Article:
I think I came away from my time in the Navy in World War II with a deep and abiding conviction that it was a terrible thing to do to take a big chunk out of a young man's life, subject him to barracks life, turn him, as well as could be done, into a robotic order executor, send him into real danger, and perhaps take his life all for very dubious reasons. Of course I was thinking of draftees or those who joined either the Navy or the Marines to escape being drafted. I didn't think much about the people who, more or less gung ho for war, had got into the services for a career and advancement therein.
I'd guess that my strong sympathy for the draftee was a projection of my own strong sympathy for myself and my diversion from a proper career path by the war. As it turned out, when I got back home after three years, I had lost momentum and morale (always supposing I ever had any), and it took me the devil of a long time to get anything going in the way of a career or even a life that made any sense to me. But it is not my purpose here to tell that story. Maybe later, when y'all have half a day to weep with me over my sad plight back then.
No, my purpose here is to talk about the draft of today's young people that many say is coming. First we need to get the election over; but if neither party candidate will promise to end the Iraq war, and both remain committed to sustaining American military strength at its present level or even at an enhanced level sufficient to maintain our present world commitments, then it is very hard to see how either one can avoid implementing a draft. Enlistments are not great, and reservists are proving mighty touchy about being forced to stay in past the term they originally committed to.
I don't have many contacts with draft-age people, but last night I did get to talk to an extremely bright man, 23, a computer wizard with a passionate interest in (I think he used this term) videography. I asked him what he thought was coming as to a draft. He thinks we are headed into a kind of gridlock over it that will take several years to work through, and by that time he rather expects to be too old for service. He is married, although so far without children.
Now, his idea of the coming draft gridlock (I have a feeling I am into mixed metaphors here) is a battle over the place of women in war. I had supposed there were some signs that citizens were beginning to see that women are bad news at the front, and bad news in training, and bad news all around in war matters. Certainly the charming ladies of Abu Ghraib would seem to reinforce that point. I have seen at least one self-declared feminist say that the Abu Ghraib girls have let the side down badly.
But my young interlocutor (let's call him Rob) thinks two very large contingents will be arguing that women should be drafted. One will be draft-age young men, and the other will be the cohort of dedicated feminists of all ages and both sexes. This after all will be an unparalleled chance to put to the test the feminist claim that women can do virtually anything men can. They can shoulder the burden of empire as they never have before, and (from the feminist point of view) march into a brave future of Woman Triumphant, newly beyond challenge, at last out from under the long shadow of "him."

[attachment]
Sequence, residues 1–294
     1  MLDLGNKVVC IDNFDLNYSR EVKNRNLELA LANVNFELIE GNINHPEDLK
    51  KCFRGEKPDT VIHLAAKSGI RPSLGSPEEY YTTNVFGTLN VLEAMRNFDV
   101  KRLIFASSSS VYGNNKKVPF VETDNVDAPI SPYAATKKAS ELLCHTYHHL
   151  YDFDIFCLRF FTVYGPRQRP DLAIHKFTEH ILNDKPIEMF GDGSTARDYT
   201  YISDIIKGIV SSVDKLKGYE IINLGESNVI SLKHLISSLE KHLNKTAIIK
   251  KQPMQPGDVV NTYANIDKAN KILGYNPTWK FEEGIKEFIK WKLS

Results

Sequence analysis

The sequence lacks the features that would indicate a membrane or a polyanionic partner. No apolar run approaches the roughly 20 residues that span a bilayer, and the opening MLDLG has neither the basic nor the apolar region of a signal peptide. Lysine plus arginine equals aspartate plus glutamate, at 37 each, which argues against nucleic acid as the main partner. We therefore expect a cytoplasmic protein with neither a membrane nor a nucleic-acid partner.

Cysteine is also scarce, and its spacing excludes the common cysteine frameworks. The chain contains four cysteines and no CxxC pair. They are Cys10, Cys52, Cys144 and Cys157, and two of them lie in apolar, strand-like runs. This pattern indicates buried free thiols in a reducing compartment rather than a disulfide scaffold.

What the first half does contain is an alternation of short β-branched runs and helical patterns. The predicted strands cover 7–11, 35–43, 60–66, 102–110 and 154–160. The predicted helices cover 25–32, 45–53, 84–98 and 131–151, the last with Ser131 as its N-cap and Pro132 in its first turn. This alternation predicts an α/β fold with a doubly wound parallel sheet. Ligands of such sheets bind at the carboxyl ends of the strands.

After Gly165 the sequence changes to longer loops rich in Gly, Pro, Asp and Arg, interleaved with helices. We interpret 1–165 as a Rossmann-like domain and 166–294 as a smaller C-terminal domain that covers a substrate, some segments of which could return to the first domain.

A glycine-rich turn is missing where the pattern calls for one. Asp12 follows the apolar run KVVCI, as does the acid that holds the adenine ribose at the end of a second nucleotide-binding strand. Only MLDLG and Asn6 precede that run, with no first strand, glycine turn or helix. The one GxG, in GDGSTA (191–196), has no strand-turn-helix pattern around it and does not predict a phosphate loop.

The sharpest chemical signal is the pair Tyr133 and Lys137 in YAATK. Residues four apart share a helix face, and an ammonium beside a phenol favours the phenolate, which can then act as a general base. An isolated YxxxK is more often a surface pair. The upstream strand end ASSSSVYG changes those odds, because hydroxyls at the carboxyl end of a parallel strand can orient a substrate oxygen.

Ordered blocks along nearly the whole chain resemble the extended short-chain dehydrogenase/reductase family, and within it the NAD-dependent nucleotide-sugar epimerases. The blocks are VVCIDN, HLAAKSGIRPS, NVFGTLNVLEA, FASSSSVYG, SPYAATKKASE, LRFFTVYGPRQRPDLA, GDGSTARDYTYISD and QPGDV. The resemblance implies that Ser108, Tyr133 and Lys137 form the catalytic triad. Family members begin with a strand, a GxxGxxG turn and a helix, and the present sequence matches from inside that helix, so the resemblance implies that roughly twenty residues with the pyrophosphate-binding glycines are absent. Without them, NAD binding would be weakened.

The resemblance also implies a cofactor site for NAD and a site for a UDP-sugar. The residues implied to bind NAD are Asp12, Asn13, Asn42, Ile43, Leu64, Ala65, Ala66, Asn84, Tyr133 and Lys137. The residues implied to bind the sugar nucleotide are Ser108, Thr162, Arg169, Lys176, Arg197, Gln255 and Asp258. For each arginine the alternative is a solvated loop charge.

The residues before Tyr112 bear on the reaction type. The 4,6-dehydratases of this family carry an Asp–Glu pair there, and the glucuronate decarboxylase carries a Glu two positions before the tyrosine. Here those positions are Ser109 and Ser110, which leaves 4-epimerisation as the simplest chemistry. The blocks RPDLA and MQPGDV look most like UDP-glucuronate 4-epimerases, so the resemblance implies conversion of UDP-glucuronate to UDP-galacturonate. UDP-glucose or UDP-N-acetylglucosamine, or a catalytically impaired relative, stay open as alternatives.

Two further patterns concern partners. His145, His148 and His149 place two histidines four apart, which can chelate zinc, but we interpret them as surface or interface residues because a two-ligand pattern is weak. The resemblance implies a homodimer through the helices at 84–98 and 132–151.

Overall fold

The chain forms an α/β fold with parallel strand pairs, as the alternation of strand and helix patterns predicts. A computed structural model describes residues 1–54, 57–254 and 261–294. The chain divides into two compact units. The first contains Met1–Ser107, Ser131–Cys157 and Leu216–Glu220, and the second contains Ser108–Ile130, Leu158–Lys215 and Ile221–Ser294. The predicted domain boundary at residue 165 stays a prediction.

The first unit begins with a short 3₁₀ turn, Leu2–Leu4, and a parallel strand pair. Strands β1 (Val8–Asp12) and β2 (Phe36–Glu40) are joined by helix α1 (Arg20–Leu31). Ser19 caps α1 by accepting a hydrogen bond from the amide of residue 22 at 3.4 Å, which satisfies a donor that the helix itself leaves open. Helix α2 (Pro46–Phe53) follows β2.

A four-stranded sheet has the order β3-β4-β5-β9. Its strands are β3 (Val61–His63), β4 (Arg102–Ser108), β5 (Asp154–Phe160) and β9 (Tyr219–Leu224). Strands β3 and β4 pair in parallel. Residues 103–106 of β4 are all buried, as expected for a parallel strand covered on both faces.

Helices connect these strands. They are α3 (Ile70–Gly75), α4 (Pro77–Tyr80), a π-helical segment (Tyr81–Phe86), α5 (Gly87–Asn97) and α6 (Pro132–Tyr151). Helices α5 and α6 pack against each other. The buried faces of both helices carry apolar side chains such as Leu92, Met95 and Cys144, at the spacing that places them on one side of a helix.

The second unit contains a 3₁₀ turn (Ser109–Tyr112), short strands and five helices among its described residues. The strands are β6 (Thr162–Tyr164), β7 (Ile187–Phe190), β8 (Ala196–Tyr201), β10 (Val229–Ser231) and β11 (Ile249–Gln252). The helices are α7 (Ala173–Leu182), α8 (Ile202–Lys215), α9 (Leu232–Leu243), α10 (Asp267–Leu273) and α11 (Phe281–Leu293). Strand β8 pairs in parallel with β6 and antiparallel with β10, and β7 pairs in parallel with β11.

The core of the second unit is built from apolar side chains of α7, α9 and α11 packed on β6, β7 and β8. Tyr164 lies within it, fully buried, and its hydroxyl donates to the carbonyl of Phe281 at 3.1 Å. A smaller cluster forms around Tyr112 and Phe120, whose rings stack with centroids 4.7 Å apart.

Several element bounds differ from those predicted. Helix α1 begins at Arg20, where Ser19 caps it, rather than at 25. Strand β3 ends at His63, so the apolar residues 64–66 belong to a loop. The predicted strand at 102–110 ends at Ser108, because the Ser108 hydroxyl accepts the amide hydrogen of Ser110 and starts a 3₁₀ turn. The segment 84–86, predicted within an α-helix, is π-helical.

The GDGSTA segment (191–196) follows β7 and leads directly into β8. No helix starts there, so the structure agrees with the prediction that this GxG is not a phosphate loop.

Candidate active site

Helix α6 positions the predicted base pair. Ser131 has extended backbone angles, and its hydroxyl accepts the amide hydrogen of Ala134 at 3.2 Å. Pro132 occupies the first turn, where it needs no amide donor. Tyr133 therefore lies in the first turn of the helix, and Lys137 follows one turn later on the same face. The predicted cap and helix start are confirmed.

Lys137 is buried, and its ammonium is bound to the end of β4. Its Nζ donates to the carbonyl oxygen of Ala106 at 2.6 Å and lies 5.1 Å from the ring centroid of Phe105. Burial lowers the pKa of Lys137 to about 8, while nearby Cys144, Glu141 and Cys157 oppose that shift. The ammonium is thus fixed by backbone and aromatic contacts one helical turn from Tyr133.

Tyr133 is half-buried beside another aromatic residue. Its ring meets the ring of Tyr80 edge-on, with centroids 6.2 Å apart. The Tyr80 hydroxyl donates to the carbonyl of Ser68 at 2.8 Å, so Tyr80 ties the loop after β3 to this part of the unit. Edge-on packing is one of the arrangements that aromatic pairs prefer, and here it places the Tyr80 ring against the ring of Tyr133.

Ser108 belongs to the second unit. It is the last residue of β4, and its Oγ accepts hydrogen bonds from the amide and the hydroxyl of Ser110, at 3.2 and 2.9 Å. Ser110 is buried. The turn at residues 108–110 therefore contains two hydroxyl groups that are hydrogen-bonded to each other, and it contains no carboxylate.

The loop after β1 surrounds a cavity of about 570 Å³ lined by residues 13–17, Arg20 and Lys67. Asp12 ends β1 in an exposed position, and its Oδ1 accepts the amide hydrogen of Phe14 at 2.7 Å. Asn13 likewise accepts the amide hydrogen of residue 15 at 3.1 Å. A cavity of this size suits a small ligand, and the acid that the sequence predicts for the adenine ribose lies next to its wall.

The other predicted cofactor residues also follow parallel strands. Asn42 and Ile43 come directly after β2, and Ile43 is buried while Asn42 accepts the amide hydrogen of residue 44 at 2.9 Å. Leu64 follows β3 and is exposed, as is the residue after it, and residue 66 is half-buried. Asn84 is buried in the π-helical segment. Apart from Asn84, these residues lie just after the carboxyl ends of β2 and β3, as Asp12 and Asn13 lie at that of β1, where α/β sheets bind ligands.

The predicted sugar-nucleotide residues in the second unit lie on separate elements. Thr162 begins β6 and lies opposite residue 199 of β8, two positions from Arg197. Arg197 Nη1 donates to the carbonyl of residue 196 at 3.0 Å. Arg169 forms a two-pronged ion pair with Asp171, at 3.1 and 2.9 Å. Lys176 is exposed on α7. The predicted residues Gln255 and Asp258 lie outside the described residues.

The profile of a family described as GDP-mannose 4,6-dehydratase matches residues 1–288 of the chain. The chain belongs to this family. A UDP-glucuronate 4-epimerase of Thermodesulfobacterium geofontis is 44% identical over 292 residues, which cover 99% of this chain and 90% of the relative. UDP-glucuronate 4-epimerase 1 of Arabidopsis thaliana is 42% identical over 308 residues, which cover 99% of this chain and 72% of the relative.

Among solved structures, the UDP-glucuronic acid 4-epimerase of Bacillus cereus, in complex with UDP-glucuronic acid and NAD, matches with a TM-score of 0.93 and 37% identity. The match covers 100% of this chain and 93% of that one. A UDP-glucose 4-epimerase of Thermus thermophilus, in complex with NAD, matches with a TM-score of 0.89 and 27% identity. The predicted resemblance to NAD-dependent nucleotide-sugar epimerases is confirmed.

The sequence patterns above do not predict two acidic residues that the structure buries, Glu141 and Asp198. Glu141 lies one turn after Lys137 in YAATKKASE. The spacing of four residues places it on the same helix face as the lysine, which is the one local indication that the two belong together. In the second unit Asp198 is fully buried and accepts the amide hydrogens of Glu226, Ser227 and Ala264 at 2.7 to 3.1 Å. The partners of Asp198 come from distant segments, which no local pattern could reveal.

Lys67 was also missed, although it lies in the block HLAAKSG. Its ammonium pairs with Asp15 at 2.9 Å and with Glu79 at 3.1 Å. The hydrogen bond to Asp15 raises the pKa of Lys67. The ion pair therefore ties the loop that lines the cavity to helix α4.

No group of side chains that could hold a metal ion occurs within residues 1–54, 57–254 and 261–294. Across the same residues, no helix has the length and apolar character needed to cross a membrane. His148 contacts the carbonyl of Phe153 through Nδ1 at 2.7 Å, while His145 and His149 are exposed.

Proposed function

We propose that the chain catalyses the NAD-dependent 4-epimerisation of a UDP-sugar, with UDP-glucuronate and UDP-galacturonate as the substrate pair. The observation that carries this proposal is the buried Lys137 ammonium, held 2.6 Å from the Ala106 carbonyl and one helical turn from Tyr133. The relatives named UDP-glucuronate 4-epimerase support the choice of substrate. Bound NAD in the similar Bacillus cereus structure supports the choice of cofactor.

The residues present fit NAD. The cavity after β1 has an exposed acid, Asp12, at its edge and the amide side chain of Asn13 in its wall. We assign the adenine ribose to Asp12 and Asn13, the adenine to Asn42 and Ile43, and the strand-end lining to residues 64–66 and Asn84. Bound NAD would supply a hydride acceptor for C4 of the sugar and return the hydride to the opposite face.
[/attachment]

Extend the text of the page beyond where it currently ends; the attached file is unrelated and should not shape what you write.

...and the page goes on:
It was plain to me that Rob is no feminist himself, but neither is he a romantic wanting a return to the days of modest maidens and gallant knights. What he envisions is nothing less than a world-class hoisting of our fearless and unpleasantly war-mongering leaders on their own petard. To get the men they want, they will have to enroll all the young unmarried women too, or the men will rise up and yowl to high heaven (so says Rob). But if they move to draft the women, all the social conservatives in the land will yowl even louder. The young women themselves will, one supposes add a little something to the symphony, but I cannot guess quite what and he did not say. Some will want to march off to war such fun! Others will do almost anything not to, which should contribute to unseemly flights to Canada or Chile or somewhere, perhaps men and women both, eloping to safety in a far land.
This situation should contribute to the sense that maybe we need to look again at our plans to subject the world to our imperial will. We very likely can't do it with a boy-girl draftee army. Especially not if we can't even get them lined up to take their co-ed draft physicals.
I can't myself say whether I think this is a convincing scenario or not. It simply had never occurred to me. But it has occurred to Rob, who is of the generation involved, and who clearly thinks what he is saying is almost self-evident. The interesting thing to me is that, in his eyes, any notion that young single women have any special consideration coming, as a class, from the males in their age group is illusory. Feminism has done its work. It is indeed a brave new world.
June 5, 2004